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Who Can Lead And Deliver Innovation For All Ages?

04/10/2017 11:22 BST | Updated 04/10/2017 11:22 BST

The fallout from the 2017 general election continues. Politics seems to be veering off the radar, with the government directionless and the opposition heading hard left.

But at last there is recognition that gaping divisions between the generations must be healed to build a stronger Britain.

So far the Tories have offered tinkering with student funding and more support for Help to Buy. This scattergun approach is not targeted at those most needing help and will make little difference to the intergenerational fairness grievances around wealth, housing and debt.

Radical action is needed to build more affordable homes than at any time in our history; implement taxes on wealth that will bring greater fairness to our taxation system; and replace student tuition fees with more progressive income tax.

Political parties have long skewed policies towards older people, because their turnout at elections has been much higher than younger people. But given the higher turnout in 2017 amongst younger people, policymaking needs to shift towards future generations.

Will Labour or the Tories be able to lead and make this transformation happen?

In doing so, there are five areas that policymakers need to address with innovation to build a country for all ages:

1) Developing a new social contract between the generations: with guarantees on pensions, health, care and housing for the taxpayers of today, underpinned by transparency and a better understanding about the financial pressures facing each generation from pension entitlements to debt;

2) Supporting better communication between generations: establishing a national council for all ages supported by an intergenerational convention bringing older and younger people together from across the country to discuss big issues of mutual concern like welfare reform, housing and climate change;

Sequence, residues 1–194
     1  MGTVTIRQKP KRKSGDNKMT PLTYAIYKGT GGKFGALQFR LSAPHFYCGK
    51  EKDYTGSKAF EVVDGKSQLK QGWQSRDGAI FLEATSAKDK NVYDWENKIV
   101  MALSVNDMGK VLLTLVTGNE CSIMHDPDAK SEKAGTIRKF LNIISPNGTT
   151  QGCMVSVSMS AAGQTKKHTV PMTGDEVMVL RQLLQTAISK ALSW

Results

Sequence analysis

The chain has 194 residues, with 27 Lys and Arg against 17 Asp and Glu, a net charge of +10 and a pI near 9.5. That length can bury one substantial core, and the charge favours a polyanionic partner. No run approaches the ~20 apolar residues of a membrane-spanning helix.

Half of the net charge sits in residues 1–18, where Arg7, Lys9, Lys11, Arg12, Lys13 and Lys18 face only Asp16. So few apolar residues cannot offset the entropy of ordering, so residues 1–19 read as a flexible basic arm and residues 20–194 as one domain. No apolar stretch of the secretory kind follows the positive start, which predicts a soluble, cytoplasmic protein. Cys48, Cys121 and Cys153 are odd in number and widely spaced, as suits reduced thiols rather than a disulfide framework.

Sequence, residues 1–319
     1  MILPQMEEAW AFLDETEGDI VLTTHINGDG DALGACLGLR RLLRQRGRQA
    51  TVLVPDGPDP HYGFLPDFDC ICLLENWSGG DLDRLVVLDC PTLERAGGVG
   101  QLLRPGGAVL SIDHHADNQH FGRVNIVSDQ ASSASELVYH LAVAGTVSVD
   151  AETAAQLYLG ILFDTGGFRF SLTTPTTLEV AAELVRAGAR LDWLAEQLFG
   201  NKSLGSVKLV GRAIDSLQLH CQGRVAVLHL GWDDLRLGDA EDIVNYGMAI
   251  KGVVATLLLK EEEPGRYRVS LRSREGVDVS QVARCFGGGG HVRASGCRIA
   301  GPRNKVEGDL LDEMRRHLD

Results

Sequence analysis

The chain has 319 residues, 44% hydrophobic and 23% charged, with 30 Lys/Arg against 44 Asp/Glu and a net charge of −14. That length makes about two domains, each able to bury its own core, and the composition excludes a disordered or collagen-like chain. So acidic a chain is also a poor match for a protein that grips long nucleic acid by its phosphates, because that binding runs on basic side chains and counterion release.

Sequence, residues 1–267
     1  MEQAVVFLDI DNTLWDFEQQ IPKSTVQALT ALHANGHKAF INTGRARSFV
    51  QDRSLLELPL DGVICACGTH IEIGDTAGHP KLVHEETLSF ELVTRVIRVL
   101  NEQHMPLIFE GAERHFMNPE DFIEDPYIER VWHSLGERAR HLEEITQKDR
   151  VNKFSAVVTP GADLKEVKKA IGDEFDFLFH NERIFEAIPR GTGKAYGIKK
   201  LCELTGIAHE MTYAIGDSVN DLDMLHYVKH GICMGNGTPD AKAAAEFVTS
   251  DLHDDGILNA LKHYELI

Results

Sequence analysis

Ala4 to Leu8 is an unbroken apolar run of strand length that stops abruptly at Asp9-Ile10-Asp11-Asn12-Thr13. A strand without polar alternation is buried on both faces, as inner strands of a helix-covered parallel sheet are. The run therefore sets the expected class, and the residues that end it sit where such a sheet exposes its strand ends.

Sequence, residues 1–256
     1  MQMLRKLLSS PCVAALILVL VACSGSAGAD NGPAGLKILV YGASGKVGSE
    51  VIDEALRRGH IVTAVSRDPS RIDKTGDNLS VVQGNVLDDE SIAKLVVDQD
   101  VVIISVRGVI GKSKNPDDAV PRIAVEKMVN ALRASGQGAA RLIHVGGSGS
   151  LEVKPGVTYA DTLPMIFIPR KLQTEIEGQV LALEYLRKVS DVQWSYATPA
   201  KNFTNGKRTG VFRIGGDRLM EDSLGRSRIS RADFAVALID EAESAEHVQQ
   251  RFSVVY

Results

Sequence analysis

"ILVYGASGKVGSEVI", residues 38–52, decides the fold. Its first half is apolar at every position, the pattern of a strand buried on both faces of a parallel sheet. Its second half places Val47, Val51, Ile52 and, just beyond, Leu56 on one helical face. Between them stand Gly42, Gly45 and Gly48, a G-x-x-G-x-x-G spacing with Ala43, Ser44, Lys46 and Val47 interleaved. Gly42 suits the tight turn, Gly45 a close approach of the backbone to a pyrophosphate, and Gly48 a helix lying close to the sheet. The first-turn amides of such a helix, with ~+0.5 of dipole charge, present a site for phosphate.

3) Establishing a commission on fair taxation: intergenerational fairness must be underpinned by fairer taxation that redistributes from the wealthiest older people to the poorest youngsters; fairer taxation will shift the balance of taxation from income to wealth to reduce the burden on those of working age, end anomalies that favour older people like national insurance, review inheritance tax and include tough action on tax evasion;

4) Creating housing and care for all ages: a massive housebuilding drive, with at least 300,000 affordable homes a year, needs to be complemented by more retirement housing to give older people options to move, thereby freeing up more family-sized homes; this could be boosted by tax incentives to downsize, such as exemptions on stamp duty; Homeshare schemes should be scaled up to enable older people with spare rooms to let them to younger people in exchange for practical support and companionship; the reform of care needs to be funded through fair taxation as above;

5) Creating shared spaces for all ages: making better use of community facilities and bringing people of different ages together; children's centres and schools, care homes and retirement villages, and other age-related centres could become community hubs, meeting places and service delivery points for people of all ages, that also increase contact and understanding between the generations; shared spaces and interests can enable people of different ages to spend meaningful time together by opening up community facilities from universities to older people's housing schemes for all ages and co-locating childcare and eldercare schemes.

The generational divide in political attitudes reflects a wider lack of trust and understanding between older and younger people. Britain is increasingly divided by age and by generation. Ending age apartheid and promoting social integration between generations can help build communities and a country for all ages, where we are united not divided.

Tackling intergenerational inequity is the challenge of our times. Economic measures are required urgently to address the housing crisis and develop fairer taxation. But we also need to bring older and younger people together in new ways to discuss mutual concerns and provide shared spaces which can promote stronger understanding and trust between people of all ages.

This is the time for innovation. Who will lead and deliver it for all ages?